The Debate Over What To Do In Libya

Implications for the Arab World’s Future and the Western Nations’ Role

Today finds a growing call from both Europe and America for action to support the Libyan people’s challenge to Moammar Gaddafi’s despotic rule. In Monday’s New York Times there was an op-ed by  Anne-Marie Slaughter entitled, “Fiddling While Libya Burns.”  On the same day the London Financial Times had an editorial with the title, “Face Down Gaddafi.” People on the right and people on the left are arguing for action of some kind. People on the right and left are against any military action. There will be a NATO meeting this week to determine what to do.

The question before the Western powers is what action, when, and to what objectives and at what cost.  There is also the question of under what kind of international authorization. Should it need a UN Security Council agreement, a NATO collective authorization, or a coalition of the willing?

Let’s be frank there are times when taking military action was a disaster for all. There are times when not taking action was also a disaster.  The issue is not one of pure principle and each case is different. That is what a policy planner and a decision maker always needs to know.  Not acting earlier against the Nazis was a  grievous error for the world. Getting into Iraq on a lie was a debacle for all. Fighting in WW II was not a mistake.  Think Lebanon, Somalia, Sudan/Darfur, Congo, and not least Rwanda.

The Financial Times argues that America must get off the fence and back a no-fly zone. The French and likely the British favor such an action, as does the Arab League. The Russians and the Chinese are still opposed as this is written.  But press reports say the rebels are threatening nations that do not back them, that they will determine their future oil policy on the basis of the support they receive or opposition. But they do not want foreign boots on the ground.  The EU could find no consensus…..I’ll let you figure out who opposed.  The FT states that Europe should play an “equal” part in a no-fly zone…and that says Europe has more at stake.

The decision needs to be taken soon, or the brutality of the Gaddafi military may leave a blood bath throughout Libya. The cost of that outcome needs to be calculated with care. The risks in any case are high no matter what option is chosen.

America is already war worn and conflict adverse. But as the FT said the US forces “are exaggerating the difficulty.” In her op-ed, Ann-Marie Slaughter said we should push for a US Security Council resolution for a no-fly zone and dare Russia or China to veto it. And she call for recognition of the Libyan National Council and working with the Arab League to give the Council “any assistance it requests.” These are all heady acts.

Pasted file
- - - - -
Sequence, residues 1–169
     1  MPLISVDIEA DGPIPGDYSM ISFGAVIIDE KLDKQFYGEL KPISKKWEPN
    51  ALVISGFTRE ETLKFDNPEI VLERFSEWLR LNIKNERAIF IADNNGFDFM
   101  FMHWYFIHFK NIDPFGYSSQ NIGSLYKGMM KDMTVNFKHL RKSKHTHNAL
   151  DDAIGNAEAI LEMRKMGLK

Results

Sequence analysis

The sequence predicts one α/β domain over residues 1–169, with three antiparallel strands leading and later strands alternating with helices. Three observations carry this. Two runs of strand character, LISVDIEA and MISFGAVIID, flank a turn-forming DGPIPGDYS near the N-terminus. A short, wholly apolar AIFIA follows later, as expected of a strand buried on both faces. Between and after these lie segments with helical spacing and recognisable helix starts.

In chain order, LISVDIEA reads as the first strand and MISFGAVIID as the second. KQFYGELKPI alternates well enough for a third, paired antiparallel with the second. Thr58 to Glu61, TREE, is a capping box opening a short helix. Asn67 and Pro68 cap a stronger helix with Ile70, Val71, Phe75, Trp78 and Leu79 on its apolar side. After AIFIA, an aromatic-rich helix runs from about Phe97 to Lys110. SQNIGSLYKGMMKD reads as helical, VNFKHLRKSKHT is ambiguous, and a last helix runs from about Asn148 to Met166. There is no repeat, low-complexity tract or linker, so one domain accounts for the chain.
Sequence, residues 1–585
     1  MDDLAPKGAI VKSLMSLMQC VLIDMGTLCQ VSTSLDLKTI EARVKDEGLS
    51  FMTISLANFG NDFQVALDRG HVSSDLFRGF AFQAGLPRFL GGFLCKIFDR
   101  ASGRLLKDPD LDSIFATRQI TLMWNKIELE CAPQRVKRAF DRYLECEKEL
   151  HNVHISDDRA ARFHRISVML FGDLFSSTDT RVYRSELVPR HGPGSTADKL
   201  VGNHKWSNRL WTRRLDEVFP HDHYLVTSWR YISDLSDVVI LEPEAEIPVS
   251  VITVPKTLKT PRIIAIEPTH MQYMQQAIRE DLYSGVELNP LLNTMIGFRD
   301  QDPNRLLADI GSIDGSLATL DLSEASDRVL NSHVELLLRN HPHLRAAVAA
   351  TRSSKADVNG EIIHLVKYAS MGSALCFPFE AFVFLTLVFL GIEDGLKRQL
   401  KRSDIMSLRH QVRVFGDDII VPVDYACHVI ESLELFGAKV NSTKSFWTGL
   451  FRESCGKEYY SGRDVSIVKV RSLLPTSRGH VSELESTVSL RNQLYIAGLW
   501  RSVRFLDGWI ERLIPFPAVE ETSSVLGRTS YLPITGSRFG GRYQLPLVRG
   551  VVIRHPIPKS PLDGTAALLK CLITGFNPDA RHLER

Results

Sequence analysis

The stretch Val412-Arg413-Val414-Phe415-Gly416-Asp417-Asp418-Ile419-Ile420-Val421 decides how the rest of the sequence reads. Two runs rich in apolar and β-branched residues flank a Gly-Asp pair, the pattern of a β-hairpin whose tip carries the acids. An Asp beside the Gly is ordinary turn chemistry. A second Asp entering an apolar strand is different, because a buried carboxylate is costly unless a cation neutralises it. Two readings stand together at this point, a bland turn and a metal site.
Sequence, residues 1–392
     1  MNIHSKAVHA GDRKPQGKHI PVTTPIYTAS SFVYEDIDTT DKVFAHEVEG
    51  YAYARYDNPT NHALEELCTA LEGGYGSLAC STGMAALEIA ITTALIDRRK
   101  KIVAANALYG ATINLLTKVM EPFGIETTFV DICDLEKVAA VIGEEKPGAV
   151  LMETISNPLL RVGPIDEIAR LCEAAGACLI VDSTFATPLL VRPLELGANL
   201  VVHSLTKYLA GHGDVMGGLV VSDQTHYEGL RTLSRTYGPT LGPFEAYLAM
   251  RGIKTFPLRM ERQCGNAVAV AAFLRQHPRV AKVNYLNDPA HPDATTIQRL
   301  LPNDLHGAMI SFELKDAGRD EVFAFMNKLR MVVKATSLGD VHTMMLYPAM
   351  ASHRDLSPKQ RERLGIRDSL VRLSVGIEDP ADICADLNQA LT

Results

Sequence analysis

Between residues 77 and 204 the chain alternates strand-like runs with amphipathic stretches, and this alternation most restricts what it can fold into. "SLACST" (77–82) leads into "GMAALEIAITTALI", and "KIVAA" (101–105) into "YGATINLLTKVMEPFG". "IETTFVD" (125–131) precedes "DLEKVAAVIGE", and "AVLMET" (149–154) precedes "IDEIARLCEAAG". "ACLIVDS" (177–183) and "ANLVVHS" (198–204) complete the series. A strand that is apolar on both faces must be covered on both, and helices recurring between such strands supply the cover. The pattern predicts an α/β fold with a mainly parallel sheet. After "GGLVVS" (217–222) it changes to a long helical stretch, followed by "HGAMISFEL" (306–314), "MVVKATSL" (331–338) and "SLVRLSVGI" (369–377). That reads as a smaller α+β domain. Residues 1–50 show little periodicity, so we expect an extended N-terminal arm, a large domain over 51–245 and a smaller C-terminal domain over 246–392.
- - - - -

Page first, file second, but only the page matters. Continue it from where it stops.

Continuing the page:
The more I examine the problem and long-term consequences for all, the more I think the international community has in some effective careful form to intervene but without American troops on the ground.  Looking at the region the forces of change in the long run are in the ascendancy and they hopefully will be in a more democratic direction. It is better to be on the side of our values and history at the same time.  It is even better to do so in a way that minimizes deaths and harm.

One thought on “The Debate Over What To Do In Libya

  1. Alan Choate March 16, 2011 / 11:38 AM

    It may be fair to talk about “fiddling while Libya burns”, but the West, and in particular the US, is faced with a difficult choice here. On the one hand, one may ask: If we do not intervene to aid those seeking the overthrow of a dictator, what is our massive military capability there for? But after the disastrous results of invading Afghanistan and Iraq, there is little appetite for more boots on the ground. Even the no-fly zone would involve a huge deployment of military assets, and there is no assurance that it would have the desired result. So we sit on our hands, frustrated at not being able to help. NATO, the UN and the leaders of the US and EU need to give this a lot more thought.

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